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Indian students' woes continue in US

August 03, 2011 10:03 IST

Only 15 students out of 1,500 of the sham Tri-Valley University have been reinstated until now, shows the latest statistics released by the US Immigration and Customs Enforcement.

Earlier on January 19, American federal agents had raided the Tri-Valley University in Pleasanton, California, and shut it down for misusing visa permits, laundering money and for other crimes.

Many of its students are of Indian origin and most of them are from Andhra Pradesh.

The US government gave two options to the students, either take voluntary departure or file for reinstatement.

Out of 1,500, some went back to India or transferred to H4-dependent visa while most of them decided to stay back and transferred to other universities in the US.
 
"As of July 24, 1,077 Tri-Valley University students have applied for reinstatement and 15 of those applications have been granted," Virginia Kice, spokesperson at the US Immigration and Customs Enforcement told rediff.com.

Attorney Rajiv Khanna said many have received 'Request for Evidence' (RFE) on their application.

"The people we applied for are still in pending," said Khanna.

The attorney said he is unaware of the reason for the rejection.

He alleged that TVU students were left with no option but to take admission at shady schools. "They never posted on their SEVP and SEVIS websites not to take admission in any unaccredited university. The US government is not systematic and has never given anything in written about the Tri-Valley University."

Meanwhile, Kice told rediff.com, "In addition to Tri-Valley University, 10 other California schools have been issued Notices of Intent to Withdraw in 2011.  We are not at liberty to release the names of those schools."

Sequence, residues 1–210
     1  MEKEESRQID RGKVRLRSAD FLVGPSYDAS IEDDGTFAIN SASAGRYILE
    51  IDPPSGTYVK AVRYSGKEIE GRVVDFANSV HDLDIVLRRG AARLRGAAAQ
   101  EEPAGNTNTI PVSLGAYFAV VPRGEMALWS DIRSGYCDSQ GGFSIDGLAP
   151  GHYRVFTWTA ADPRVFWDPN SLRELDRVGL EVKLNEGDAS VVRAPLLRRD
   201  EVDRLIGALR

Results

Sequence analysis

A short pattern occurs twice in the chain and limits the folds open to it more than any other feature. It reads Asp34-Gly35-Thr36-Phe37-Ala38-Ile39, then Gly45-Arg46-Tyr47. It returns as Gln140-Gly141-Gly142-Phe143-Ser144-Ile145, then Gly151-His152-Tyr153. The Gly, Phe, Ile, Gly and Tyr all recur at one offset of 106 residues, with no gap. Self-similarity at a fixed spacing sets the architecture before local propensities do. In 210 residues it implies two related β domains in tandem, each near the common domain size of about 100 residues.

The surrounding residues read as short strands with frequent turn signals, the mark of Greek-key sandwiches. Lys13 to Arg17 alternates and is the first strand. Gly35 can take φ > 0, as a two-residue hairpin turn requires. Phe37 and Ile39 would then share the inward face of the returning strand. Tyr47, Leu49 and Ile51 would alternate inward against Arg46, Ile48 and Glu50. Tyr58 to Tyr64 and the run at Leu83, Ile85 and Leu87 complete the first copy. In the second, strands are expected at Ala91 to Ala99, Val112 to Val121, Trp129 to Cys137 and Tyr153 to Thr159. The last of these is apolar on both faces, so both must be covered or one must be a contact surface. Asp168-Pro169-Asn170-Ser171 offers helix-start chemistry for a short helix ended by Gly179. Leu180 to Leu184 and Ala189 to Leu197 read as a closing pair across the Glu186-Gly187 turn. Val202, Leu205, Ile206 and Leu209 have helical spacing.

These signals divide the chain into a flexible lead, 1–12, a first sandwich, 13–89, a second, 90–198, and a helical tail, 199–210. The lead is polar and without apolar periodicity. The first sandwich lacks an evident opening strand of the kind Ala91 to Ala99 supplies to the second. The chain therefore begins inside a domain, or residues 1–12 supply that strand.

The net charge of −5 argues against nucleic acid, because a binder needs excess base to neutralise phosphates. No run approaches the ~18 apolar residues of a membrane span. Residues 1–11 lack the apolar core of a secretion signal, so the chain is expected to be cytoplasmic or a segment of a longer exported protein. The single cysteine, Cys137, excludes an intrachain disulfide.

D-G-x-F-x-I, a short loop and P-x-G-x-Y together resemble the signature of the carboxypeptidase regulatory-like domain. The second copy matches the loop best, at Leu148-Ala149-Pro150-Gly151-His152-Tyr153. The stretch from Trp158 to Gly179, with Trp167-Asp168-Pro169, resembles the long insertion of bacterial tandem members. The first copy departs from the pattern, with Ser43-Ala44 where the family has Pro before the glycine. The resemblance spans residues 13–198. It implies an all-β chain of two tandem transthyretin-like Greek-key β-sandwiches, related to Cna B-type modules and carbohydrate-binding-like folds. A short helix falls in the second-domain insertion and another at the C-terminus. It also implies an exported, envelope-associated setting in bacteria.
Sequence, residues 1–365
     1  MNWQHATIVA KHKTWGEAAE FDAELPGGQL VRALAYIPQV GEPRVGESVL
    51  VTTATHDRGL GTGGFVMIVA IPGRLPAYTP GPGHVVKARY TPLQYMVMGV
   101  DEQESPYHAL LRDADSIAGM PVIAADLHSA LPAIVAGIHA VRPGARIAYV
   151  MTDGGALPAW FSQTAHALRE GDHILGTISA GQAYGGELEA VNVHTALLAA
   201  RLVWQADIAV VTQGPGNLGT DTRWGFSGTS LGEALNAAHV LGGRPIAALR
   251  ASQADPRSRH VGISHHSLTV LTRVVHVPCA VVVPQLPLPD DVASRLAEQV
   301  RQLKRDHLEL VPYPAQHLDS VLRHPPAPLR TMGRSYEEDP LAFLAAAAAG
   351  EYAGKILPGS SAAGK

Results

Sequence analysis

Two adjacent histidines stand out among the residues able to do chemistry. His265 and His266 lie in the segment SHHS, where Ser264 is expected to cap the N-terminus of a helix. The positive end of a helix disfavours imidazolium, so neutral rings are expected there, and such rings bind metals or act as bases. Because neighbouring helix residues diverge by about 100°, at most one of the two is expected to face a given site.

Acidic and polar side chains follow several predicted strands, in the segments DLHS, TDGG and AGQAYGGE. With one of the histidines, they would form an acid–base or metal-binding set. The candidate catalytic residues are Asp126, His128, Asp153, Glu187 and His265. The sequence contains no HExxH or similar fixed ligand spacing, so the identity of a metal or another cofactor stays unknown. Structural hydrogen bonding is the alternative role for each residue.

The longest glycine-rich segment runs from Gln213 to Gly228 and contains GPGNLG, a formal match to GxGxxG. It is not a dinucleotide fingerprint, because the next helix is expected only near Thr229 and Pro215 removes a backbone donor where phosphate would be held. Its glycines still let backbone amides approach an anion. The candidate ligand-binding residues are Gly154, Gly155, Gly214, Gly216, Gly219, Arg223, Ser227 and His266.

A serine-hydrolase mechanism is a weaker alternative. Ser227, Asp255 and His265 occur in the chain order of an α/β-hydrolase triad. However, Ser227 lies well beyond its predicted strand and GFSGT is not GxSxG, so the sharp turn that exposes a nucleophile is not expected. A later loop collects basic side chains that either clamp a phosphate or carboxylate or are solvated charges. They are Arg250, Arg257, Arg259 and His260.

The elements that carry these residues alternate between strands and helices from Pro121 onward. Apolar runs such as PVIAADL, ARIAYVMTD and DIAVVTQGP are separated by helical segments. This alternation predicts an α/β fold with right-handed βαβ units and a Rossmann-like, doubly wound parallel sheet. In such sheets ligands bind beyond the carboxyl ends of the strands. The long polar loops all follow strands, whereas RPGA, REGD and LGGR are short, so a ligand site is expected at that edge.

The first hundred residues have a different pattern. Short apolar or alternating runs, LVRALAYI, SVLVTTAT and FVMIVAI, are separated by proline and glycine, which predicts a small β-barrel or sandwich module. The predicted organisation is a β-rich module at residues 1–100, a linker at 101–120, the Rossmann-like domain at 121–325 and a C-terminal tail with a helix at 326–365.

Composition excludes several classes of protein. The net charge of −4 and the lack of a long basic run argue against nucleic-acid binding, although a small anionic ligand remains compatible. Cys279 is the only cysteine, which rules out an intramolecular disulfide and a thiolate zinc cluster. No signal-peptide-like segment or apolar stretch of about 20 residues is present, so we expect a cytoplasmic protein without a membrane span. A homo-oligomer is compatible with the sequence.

On July 28, officials of ICE's Student and Exchange Visitor Programme served the University of Northern Virginia with a Notice of Intent to Withdraw UNVA's authorization to admit foreign students.

Concerned about the students once again the Telugu Association of North America (TANA), on behalf of the affected students at the University of Northern Virginia, submitted a memorandum to Arun Kumar Singh, Ambassador in Charge at the Indian Embassy in Washington DC on Monday, August 1.

The two-page memorandum says that most of the International students came with the dream to pursue higher studies and spent a significant amount of money. They trusted the UNVA knowing it as a SEVP-approved school. This would have been prevented if ICE gave SEVIS approval only to the accredited universities.

ICE and USCIS have a moral obligation to help the students to regain status and continue education, the letter said

Ashok Kolla, chairman of the student committee of TANA, said he has been receiving calls every second since the incident happened.

Talking to rediff.com, Ashok said, "The most important aspect is status of students. We are working with some well-reputed universities in the United States like Murray State University in Kentucky and the University of Southern Mississippi. They are ready to accept UNVA students, but would not transfer the credits."
Ritu Jha